Ah, Bruce. Dare I say that the President has the back of every graduate against the likes of you?
Did he even really listen to the words spoke that day? No, seriously, he said the Superintendent spoke echoed the Acting Secretary's words, when the Superintendent spoke first. Is that maybe an echo chamber in his brain?
He wrote: "Vice President Pence nailed this attitude when he assured the graduates that they were the best America had to offer — after Messrs. Carter, Richardson and Stackley (all of whom had graduated from Annapolis) did the same."
Isn't a version of this said by the speaker at almost every graduation at schools across this country?
I love the tagline at the end of the article , " a tenured professor who sometimes expresses views not shared by the administration." You think ? The fact that he is still employed at USNA speaks volumes about USNA itself. Unlike the other service academies, USNA has an approximately 50/50 mix of civilian and military professors. While certainly not as liberal as the typical University faculty, this does create a better academic environment.
I agree with so many of the comments here and there are a few tid bits I agree with in his opinion piece, majority I don't. The other piece of this is there was an interesting NPS thesis that did a cost comparison of USNA vs top level schools for NROTC... cost variance wasn't as great as many have proposed. Several other thesis have been done about USNA grads vs NROTC vs OCS... USNA grads at the higher levels of rank have had higher representation. One could interpret that stat in many ways.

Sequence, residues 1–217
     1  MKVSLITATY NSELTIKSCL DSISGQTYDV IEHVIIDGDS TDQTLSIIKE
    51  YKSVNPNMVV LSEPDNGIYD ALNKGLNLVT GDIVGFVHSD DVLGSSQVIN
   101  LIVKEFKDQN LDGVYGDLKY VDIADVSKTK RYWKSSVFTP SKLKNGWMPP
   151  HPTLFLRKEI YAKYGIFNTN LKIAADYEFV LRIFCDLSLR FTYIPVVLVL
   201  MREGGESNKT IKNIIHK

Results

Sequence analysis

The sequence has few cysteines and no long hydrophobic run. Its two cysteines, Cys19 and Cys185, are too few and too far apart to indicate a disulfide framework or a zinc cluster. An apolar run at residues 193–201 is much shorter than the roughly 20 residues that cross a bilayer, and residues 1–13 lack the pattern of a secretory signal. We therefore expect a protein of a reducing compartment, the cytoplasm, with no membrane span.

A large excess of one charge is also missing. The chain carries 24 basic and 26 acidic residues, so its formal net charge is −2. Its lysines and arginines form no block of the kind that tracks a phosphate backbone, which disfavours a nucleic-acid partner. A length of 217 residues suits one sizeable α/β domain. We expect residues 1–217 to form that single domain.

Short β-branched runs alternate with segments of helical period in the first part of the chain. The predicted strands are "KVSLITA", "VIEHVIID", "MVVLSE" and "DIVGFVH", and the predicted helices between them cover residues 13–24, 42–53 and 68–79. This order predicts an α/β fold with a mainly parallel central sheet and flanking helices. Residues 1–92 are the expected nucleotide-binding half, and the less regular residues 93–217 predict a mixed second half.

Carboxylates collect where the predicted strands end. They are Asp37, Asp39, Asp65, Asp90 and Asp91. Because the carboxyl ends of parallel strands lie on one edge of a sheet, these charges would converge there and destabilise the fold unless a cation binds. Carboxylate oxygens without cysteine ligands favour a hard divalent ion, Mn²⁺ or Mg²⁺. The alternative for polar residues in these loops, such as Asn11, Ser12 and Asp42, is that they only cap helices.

I have actually had Professor Fleming as a prof many moons ago. He was actually a good prof who was very vested in his students. He challenged students to critically think and step outside their comfort zone of thoughts and assumptions. Can't vouch for how he is today.
And that's the benefit to having a guy like Professor Fleming in the Yard. Many, if not most, midshipmen have a very similar mindset, and think of things in binary , or see everything as black and white. We all come from different backgrounds, but after 4 years together by the Bay, we are molded into what Big Navy thinks is the right frame of mind. That is usually a good thing as a Junior Officer, but not so much as you get into higher ranks or pursue civilian careers. For me, law school after 7 years in the Navy was eye opening . Don't get me wrong, I am still conservative, but understand and respect that there are others with different views.
Well said BGO. I did my first Masters in my last two years of active duty. It was amazing at pushing my thinking and analysis. At USNA had two top notch history profs. I took them in semesters following one another. Both were American history profs who specialized in the civila war. One was a staunch believer that the war was about slavery the other over states rights. Their ability to challenge our thoughts and opinions was amazing. They could talk us in circles. First day of class we stated with raising our hands in what we thought started the civil war. The next class we owed an essay on the opposite side. The lessons learned of critical thinking, sound arguments, civil discourse in the discussions were some do the best lessons I had at USNA. They have served me well to this day. Heck I won a promotion for a team member yesterday based on those skills and a few decades of refinement and practice. Prof Fleming did this. And from what I hear, still does the same. Still not a fan of him and his pieces, I challenge Mids and officers from USNA to prove him wrong in their day to day actions.